2016 Milwaukee Film Festival – Review – KAILI BLUES
Bi Gan’s first feature Kaili Blues is a mind bender road movie where every scene exists in the boundary between real and fantasy.
The movie is set in the director’s native town Kaili, a small city in China home to the Miao people, a minority group in China. The main character is Chen (played by Yongzhong Chen) a medical practitioner and ex-convict who works in a small clinic with an older woman. Chen decides to honor his dead mother’s wish and find his lost nephew, Weiwei, and find his medical partner’s old lover. After he embarks on his journey, the title “Kaili Blues” shows up, shortly after the 30 minute mark (much like how in Blissfully Yours (2002) by Apichatpong Weerasethakul the opening credits roll at the 45 minute mark).
On route to the town where he believes his nephew will be, Chen passes through the village Dangmai where past, present, and future time coexist. Chen encounters his lost nephew who now drives people around on his junky motorcycle, and then Chen’s dead wife who is now working as a barber; neither character recognize Chen. This sequence begins on the railroad tracks that lead to Dangmai with Chen riding into the town with time-out-of-joint Weiwei (or Weiwei prime?) until his nephew drops him off to get a haircut. The camera leaves Chen and follows Weiwei and other characters until finally looping back to Chen who performs with a band. All of this is filmed in a 40 minute unbroken take that dramatizes the time-loop aspects of narrative by literally looping around space with the camera.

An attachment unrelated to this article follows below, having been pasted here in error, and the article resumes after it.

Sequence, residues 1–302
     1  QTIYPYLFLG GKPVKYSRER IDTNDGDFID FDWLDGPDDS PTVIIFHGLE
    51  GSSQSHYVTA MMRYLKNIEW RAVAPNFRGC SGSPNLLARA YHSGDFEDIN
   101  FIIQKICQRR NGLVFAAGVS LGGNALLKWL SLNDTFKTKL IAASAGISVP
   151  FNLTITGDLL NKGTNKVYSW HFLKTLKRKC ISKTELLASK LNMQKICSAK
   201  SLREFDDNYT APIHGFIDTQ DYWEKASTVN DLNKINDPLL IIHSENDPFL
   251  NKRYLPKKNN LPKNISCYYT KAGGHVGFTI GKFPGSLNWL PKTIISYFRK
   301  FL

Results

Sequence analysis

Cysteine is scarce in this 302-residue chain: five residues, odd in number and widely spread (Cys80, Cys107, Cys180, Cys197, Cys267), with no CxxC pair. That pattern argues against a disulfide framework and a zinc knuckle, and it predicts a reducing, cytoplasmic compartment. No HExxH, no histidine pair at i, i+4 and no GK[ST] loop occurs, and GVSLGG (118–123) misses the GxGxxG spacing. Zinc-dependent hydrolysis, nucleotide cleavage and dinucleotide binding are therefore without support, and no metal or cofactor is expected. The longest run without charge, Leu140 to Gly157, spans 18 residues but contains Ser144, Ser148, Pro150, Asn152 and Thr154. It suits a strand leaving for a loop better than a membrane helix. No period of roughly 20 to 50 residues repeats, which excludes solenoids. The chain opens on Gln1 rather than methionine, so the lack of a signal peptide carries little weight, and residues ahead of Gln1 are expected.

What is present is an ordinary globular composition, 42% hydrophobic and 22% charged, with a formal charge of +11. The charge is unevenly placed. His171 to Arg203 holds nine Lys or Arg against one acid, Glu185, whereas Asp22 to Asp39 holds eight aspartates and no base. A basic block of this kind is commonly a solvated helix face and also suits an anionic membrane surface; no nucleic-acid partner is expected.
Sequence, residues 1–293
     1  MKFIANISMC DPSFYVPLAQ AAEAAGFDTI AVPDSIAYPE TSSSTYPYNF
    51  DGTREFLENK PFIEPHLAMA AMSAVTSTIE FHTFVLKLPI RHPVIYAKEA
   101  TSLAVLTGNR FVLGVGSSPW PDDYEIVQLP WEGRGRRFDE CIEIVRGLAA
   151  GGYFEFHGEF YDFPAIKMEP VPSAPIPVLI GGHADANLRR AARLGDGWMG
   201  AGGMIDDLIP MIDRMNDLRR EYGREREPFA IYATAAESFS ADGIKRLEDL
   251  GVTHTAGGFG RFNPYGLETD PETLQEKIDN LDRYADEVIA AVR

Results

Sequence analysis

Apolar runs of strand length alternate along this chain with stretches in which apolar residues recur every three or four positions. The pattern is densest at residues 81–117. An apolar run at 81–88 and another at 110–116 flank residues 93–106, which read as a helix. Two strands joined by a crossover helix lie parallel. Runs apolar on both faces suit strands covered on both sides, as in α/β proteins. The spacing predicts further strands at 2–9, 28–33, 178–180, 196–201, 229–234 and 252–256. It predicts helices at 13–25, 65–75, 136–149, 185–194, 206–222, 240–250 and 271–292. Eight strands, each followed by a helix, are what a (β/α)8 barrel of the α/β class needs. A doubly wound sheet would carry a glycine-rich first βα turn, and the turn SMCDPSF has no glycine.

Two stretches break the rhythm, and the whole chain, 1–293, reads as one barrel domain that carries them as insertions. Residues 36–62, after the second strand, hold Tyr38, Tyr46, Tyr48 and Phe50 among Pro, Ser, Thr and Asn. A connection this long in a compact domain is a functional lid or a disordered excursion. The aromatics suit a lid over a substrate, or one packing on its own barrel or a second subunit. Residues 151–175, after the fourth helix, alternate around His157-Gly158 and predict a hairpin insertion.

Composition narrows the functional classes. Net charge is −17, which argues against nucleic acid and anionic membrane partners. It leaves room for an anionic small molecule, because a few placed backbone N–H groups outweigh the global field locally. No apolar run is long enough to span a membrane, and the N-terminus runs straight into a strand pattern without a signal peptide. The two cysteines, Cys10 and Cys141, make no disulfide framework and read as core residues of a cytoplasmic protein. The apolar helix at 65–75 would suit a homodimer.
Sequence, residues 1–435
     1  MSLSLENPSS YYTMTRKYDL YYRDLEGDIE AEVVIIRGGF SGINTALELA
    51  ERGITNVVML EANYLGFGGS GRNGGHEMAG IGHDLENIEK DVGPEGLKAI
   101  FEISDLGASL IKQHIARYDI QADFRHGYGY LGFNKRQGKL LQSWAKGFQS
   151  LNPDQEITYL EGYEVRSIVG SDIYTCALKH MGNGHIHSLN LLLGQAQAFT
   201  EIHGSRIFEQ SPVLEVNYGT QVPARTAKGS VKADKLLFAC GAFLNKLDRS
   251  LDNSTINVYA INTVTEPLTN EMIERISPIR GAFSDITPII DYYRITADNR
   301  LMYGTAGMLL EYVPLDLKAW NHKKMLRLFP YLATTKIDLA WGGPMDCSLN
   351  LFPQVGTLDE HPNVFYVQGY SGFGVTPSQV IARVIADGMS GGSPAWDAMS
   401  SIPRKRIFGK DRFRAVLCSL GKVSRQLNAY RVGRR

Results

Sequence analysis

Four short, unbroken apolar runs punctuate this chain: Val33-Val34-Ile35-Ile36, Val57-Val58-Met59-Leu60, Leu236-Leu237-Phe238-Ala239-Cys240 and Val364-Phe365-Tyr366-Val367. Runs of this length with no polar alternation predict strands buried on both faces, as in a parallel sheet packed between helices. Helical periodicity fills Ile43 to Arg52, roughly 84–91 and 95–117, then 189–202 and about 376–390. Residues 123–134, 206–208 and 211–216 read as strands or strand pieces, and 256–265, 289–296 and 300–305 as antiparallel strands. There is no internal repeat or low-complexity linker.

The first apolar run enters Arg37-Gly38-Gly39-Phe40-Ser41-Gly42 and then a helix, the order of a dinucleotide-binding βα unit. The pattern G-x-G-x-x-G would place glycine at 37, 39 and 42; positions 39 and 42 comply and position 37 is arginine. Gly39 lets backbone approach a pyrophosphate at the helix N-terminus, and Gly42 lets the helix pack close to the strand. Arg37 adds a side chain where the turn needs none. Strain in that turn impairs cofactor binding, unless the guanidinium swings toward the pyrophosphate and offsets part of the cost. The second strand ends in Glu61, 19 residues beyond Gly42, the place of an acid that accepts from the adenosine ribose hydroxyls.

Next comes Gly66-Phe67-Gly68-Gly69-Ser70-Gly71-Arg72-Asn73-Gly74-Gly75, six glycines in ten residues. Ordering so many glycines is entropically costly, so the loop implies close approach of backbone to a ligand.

After Chen leaves Dangmai, he locates the young Weiwei but doesn’t make contact. Instead he meets with a group of traditional Miao musicians who might know the lost lover Chen was tasked to find as well. The last shots of the movie are of a moving train (the most engrossing sequences of the film were of movement) with a chalk drawing of clock showing time move forward. Chen presumably returns to Kaili on this train and it is unclear whether Chen fulfilled his quest.
Kaili Blues is without a doubt a perplexing movie that pays little attention to its plot and much more to its setting. Throughout, Bi uses voice-over that recites poetry or Chen’s inner-monologue and stages nearly every scene so that it is unclear whether we are watching a dream sequence or real events in the fictional space. This unresolved tension is what makes Kaili Blues so unique and captivating. It reminds me of the Weerasethakul’s magical realist movies on the one hand but also the essay tradition of Chris Marker, the most recent example of that tradition being The Last Time I Saw Macao (2012) by Joao Pedro Rodriguez and Joao Rui Guerra de Mata. Bi’s camera work is unconventional because it appears to follow whatever it wants, irrespective of the dramatic logic of the scene (hence why the plot is less emphasized compared to the space the characters occupy). This makes Kaili Blues feel like a travelogue of the various locations Chen visits on his quest to find Weiwei. The camera feels less complicit in staging action than it is in simply documenting reality, which goes a long way when Bi is trying to tear down the boundary between the real and the fantastic, in a similar way that Alexander Sokurov did with Days of Eclipse (1988).
However, Bi’s work in his first feature is not derivative. His use of space, time, objects and landscapes, and camera movement feel entirely his own and service the dreamlike story he is telling in Kaili Blues.
Kaili Blues plays once more at the Milwaukee Film Festival on Thursday, October 6th at 1 pm at the Downer Theatre. Tickets and further information can be found at Milwaukee Film’s website.